Our bodies carry many bacteria and fungi, not all of them harmful.

What Quarantine Is Doing to Your Body's Wondrous World of Bacteria

The germs, fungi and mites that grow on our hands, face, armpits and elsewhere have become stranded during the age of social distancing

Passer domesticus is one of the most common animals in the world. It is found throughout Northern Africa, Europe, the Americas and much of Asia and is almost certainly more abundant than humans.

The Story of the Most Common Bird in the World

Why do we love what is rare and despise what is all around us?

Mistletoes evolved the ability to grow not on the roots of trees, but instead on their branches.

Mistletoe: The Evolution of a Christmas Tradition

Why does this parasitic plant remind us of romance?

One of the most famous hominid fossils is the skull of a 3-year-old child found in Taung, South Africa. The child lived about three million to two million years ago. The skull has holes punched into its eye sockets; they were made by the talons of a large bird akin to an African crowned eagle.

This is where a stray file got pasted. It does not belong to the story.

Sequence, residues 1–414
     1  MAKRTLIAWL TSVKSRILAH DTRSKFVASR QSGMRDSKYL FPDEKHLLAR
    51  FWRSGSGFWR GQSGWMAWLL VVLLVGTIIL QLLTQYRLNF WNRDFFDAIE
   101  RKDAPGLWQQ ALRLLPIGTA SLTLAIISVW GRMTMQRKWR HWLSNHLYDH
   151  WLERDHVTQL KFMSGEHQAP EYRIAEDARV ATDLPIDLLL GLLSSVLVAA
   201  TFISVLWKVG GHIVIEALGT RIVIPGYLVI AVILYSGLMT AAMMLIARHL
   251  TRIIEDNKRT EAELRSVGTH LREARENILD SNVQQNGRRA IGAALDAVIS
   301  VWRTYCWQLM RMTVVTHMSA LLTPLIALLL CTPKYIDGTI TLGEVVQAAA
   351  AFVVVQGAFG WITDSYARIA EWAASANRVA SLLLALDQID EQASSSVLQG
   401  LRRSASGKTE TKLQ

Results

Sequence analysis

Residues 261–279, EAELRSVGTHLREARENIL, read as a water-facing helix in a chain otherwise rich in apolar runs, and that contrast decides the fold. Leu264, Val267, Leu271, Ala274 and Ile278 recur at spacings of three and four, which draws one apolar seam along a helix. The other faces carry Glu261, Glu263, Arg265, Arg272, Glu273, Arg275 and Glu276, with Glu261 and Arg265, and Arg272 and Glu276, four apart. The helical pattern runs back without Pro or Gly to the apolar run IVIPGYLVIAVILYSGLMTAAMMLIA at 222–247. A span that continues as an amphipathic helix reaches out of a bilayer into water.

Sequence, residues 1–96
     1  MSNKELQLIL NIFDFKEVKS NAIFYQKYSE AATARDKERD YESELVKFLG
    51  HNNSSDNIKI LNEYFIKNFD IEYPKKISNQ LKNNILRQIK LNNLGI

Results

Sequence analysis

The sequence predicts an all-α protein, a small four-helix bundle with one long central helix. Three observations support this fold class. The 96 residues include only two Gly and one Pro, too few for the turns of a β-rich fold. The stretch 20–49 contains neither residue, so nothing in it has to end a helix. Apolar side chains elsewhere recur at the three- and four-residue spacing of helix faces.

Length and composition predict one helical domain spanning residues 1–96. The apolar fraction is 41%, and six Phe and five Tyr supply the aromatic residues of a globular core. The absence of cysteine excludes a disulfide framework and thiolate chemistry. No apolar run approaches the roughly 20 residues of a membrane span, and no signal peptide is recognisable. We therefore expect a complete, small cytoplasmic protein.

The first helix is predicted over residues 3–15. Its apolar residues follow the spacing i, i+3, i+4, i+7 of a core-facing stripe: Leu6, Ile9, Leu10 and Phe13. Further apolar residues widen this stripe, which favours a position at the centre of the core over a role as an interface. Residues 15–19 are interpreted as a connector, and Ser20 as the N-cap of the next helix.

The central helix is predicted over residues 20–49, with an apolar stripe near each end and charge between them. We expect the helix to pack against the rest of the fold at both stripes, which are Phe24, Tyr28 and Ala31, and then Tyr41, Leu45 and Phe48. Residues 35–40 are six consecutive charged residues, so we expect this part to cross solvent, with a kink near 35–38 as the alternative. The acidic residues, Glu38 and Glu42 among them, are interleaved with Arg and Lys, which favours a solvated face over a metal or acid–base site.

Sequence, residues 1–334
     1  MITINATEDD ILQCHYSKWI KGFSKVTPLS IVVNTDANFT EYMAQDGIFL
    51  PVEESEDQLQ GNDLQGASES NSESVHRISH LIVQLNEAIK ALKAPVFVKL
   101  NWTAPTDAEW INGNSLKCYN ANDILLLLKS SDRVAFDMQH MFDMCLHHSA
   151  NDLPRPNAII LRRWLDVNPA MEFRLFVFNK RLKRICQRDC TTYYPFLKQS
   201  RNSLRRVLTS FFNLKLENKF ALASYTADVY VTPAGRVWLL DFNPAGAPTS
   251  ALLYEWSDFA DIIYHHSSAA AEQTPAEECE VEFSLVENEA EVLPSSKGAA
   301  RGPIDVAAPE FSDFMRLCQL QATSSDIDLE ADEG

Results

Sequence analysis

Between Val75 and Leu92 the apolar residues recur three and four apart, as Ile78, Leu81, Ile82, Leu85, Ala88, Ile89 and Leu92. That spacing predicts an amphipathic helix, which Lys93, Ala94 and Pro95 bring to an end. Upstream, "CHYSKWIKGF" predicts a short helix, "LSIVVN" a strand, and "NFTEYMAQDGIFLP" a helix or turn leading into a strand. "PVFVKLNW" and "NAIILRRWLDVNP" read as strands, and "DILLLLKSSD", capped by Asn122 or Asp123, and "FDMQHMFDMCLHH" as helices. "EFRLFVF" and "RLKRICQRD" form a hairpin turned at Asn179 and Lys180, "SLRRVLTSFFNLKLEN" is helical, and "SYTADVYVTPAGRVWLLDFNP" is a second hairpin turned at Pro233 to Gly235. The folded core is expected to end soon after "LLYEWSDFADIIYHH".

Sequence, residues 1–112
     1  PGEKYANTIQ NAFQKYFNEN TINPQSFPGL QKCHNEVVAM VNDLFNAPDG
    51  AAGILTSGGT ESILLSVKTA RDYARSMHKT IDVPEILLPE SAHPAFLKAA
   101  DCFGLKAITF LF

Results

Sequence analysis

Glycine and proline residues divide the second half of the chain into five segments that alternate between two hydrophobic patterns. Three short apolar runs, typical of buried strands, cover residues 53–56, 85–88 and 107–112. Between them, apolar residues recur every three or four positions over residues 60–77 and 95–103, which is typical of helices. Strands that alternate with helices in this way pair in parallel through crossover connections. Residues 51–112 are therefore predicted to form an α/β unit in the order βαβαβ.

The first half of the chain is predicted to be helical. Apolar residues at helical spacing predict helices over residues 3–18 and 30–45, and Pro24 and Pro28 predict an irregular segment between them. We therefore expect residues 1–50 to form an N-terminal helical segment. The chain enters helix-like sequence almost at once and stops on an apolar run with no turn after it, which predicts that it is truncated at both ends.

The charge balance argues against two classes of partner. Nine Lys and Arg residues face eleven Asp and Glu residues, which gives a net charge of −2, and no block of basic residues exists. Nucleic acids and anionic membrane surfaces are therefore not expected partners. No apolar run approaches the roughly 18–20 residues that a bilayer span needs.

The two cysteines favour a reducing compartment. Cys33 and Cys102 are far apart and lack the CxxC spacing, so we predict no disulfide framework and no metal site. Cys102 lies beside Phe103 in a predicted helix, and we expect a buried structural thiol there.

The Top Ten Deadliest Animals of Our Evolutionary Past

Humans may be near the top of the food chain now, but who were our ancestors’ biggest predators?

A group of biologists suggests that disease ultimately determines much of who we are and how we behave.

The Culture of Being Rude

A new biological theory states that cultural behavior is not just a regional quirk, but a defense against the spread of disease

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